Agenda for promoting sustainable building in Portugal

The following is a condensed version of comments made by John Tranmer, Managing Director of AlmaVerde Village & Spa at the SB10 regional conference on Sustainable Building held at the Hilton, Vilamoura on 17 – 19 March, during the Plenary Session VII Financing and procurement.


John Tranmer

Buildings are responsible for up to 50% of world energy use and that housing accounts for more than half of this. Energy efficiency in housing – mainly heating and cooling – is therefore a huge factor in the global energy equation.

With new housing, energy efficiency can be designed in from the start. Basic principles – insulation, thermal mass and control of solar incidence – can be applied at the design and specification phase, leading to buildings that are more energy efficient and more comfortable to live in.

At the outset of the AlmaVerde project, we took a fresh look at how energy-efficient houses might be built in the Algarve, how to apply basic principles of green design in the local climate, and how to source suitable materials and systems.

We took an integrated approach, developing a specification that employs an external insulation envelope as well as high levels of thermal mass provided by sun-dried clay bricks formed on site. We paid close attention to the management of solar gains. We developed a low-energy comfort cooling system that brings air in through underground tubes.

We monitored the performance of the first houses that were built, and the results were dramatic. Internal temperatures remained basically constant day and night over a 2-month summer period, at around 26oC, while external temperatures varied from lows of 18oC to regular highs of 38oC. The peak cooling effect was up to 12oC. The final report can be found at:


We had succeeded in completely stabilizing the internal temperature at a relatively comfortable level, at the cost equivalent of a 60 watt light bulb. Thanks to the adobe, the internal humidity levels also stayed within a narrow, healthy band as well. The engineers calculated an energy saving of 94% compared to conventional air-con.

With 76 more houses now built to the same specification, AlmaVerde remains one of the only leisure developments in the world to have seriously attempted energy-efficient construction on a commercial scale.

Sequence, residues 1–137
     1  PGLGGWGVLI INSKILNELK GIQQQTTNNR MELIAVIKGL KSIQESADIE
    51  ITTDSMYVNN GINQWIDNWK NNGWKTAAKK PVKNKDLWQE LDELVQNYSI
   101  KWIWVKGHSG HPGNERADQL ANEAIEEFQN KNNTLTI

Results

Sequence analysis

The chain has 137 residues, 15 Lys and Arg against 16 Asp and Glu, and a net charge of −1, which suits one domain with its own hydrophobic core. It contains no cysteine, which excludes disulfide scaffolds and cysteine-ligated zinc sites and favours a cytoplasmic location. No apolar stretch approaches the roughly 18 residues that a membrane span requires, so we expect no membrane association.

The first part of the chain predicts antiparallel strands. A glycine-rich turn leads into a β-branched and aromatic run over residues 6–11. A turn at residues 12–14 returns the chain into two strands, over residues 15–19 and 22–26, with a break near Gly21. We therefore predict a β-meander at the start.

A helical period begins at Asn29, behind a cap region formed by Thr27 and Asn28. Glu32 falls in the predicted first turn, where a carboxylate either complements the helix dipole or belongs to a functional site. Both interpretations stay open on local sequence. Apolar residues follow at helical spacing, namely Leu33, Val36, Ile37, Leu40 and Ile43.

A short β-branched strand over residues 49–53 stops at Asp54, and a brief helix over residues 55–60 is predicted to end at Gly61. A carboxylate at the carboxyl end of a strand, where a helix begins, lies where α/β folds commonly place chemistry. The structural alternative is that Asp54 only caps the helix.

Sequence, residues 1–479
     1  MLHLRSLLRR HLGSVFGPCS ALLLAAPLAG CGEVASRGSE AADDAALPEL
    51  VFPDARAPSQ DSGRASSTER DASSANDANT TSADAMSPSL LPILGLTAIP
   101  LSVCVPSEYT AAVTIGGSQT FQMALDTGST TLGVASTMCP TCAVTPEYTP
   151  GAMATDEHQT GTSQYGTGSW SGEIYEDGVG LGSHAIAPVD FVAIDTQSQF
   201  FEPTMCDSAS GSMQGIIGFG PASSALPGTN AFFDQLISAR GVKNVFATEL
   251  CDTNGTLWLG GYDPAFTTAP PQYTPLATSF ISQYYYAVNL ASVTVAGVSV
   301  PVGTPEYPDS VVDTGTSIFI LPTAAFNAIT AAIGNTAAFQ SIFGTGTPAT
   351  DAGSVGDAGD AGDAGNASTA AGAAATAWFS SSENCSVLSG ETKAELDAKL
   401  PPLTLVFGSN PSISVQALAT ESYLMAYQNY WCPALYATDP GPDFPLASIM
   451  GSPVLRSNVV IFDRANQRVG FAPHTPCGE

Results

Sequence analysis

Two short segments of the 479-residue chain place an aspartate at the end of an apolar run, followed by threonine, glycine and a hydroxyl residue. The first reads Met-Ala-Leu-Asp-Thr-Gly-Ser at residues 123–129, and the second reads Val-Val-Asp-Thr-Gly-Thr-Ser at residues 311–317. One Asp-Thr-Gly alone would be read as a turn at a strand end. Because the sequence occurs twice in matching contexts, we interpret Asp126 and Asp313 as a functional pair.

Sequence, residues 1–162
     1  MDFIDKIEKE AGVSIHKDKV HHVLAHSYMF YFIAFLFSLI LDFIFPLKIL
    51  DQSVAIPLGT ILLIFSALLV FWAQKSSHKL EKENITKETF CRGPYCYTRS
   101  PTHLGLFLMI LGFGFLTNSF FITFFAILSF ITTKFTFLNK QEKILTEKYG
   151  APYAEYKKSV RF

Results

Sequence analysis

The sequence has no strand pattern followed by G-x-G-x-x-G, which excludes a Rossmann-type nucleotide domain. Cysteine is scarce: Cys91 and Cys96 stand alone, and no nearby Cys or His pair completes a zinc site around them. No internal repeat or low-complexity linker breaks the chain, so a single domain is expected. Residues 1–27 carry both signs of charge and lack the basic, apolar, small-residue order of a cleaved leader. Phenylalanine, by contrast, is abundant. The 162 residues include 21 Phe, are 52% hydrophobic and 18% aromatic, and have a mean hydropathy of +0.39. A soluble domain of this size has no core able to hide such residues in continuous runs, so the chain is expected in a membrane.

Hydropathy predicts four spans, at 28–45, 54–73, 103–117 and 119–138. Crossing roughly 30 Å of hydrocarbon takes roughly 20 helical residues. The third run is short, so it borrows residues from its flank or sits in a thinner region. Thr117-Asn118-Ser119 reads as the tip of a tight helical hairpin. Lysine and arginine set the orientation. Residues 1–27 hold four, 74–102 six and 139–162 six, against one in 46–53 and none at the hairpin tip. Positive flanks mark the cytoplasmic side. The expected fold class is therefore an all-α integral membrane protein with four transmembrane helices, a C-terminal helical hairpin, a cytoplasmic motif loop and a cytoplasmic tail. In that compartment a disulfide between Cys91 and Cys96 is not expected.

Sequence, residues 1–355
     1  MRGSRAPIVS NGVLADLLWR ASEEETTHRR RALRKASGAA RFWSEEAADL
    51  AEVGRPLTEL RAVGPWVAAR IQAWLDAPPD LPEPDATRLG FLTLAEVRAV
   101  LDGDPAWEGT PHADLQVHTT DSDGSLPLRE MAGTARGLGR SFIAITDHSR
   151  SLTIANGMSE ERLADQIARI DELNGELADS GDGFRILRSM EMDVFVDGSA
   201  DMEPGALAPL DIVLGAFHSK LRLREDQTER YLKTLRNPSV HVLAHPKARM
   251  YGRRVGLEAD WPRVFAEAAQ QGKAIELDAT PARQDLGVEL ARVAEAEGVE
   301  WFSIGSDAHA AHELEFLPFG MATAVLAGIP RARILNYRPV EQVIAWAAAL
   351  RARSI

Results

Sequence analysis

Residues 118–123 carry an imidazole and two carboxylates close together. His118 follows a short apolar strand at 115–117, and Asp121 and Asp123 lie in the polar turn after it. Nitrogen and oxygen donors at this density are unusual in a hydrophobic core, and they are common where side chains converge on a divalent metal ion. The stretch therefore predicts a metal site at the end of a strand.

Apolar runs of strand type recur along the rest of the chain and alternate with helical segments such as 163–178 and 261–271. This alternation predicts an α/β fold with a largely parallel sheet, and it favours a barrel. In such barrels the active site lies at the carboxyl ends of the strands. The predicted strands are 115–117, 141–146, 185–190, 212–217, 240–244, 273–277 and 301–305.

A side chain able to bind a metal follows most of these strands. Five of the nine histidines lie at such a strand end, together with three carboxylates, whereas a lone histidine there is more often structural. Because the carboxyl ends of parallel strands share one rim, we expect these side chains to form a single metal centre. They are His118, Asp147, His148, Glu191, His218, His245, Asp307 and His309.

The extra costs

Independent monitoring has demonstrated that AlmaVerde houses deliver a high level of thermal comfort at low energy cost. Now, with the addition of solar hot water heating, all new-built houses at AlmaVerde are achieving an A+ Energy Efficiency Certificate, currently granted to less than 1% of housing units.

I have heard it said that “energy-efficient construction” only needs a marginal (3 – 5%) increase in build costs. While this might be true in some contexts, I do not believe that it is realistic for Portugal, considering the relatively low base standard.

My experience is that, compared to a so-called “good quality” build, such as you will find in resorts up and down the Algarve, AND with the addition of a ducted air-conditioning system, our specification adds about 15% to the overall turnkey cost of a house, with fittings, pool and landscaping.

How can this extra cost be financed?

Add it to the price?

It would be great to be able to say that the extra cost can simply be added to the price of the villa, but this is not my experience.

Over the past 10 years most of the new resort housing in the Algarve has been purchased by British and Irish buyers, who have typically based their decisions on location and price. The specification of the villa only became an issue when comparing two properties in an equivalent location and price band.

These buyers have simply not been educated to look at the build specification. In their home markets, few buyers get involved in questions about the build quality. They are already well protected by strong building codes and 10-year guarantees.

So, despite Almaverde’s unique market positioning, and its string of awards, the appeal of year-round thermal comfort at low energy cost mostly fell on deaf ears.

The exceptions were building professionals. It is no coincidence that more than 30% of our owners are in property and construction-related businesses – chartered surveyors, property lawyers, architects, contractors, other developers or agents – this is one niche market that is prepared to pay a premium for better construction.